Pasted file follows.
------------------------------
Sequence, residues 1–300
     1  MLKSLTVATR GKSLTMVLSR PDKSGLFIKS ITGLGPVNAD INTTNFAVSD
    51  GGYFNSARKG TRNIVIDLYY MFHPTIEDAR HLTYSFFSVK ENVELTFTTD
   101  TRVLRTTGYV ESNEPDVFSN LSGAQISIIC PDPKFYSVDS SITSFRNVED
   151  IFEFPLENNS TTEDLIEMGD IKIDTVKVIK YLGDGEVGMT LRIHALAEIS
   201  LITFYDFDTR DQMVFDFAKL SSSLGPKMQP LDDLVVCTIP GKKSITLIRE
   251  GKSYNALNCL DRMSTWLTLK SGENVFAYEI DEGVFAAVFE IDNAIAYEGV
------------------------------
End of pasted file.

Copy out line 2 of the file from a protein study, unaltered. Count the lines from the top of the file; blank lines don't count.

     1  MLKSLTVATR GKSLTMVLSR PDKSGLFIKS ITGLGPVNAD INTTNFAVSD